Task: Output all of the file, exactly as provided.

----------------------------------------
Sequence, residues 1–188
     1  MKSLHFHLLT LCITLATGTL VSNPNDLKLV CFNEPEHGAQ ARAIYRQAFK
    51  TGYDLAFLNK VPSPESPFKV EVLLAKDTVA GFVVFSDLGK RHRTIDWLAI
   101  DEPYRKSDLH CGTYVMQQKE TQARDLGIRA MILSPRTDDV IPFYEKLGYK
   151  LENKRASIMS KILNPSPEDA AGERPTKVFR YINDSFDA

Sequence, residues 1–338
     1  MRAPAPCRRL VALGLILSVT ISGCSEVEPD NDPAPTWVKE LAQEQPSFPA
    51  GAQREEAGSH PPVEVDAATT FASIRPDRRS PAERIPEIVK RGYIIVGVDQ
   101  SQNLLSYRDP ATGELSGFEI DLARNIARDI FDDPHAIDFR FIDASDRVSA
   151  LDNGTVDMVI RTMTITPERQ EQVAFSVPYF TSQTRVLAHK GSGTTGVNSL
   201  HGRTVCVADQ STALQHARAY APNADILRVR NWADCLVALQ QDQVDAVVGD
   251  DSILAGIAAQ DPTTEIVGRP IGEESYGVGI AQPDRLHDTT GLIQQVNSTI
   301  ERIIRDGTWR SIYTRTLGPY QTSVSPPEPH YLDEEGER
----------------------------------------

Sequence, residues 1–188
     1  MKSLHFHLLT LCITLATGTL VSNPNDLKLV CFNEPEHGAQ ARAIYRQAFK
    51  TGYDLAFLNK VPSPESPFKV EVLLAKDTVA GFVVFSDLGK RHRTIDWLAI
   101  DEPYRKSDLH CGTYVMQQKE TQARDLGIRA MILSPRTDDV IPFYEKLGYK
   151  LENKRASIMS KILNPSPEDA AGERPTKVFR YINDSFDA

Sequence, residues 1–338
     1  MRAPAPCRRL VALGLILSVT ISGCSEVEPD NDPAPTWVKE LAQEQPSFPA
    51  GAQREEAGSH PPVEVDAATT FASIRPDRRS PAERIPEIVK RGYIIVGVDQ
   101  SQNLLSYRDP ATGELSGFEI DLARNIARDI FDDPHAIDFR FIDASDRVSA
   151  LDNGTVDMVI RTMTITPERQ EQVAFSVPYF TSQTRVLAHK GSGTTGVNSL
   201  HGRTVCVADQ STALQHARAY APNADILRVR NWADCLVALQ QDQVDAVVGD
   251  DSILAGIAAQ DPTTEIVGRP IGEESYGVGI AQPDRLHDTT GLIQQVNSTI
   301  ERIIRDGTWR SIYTRTLGPY QTSVSPPEPH YLDEEGER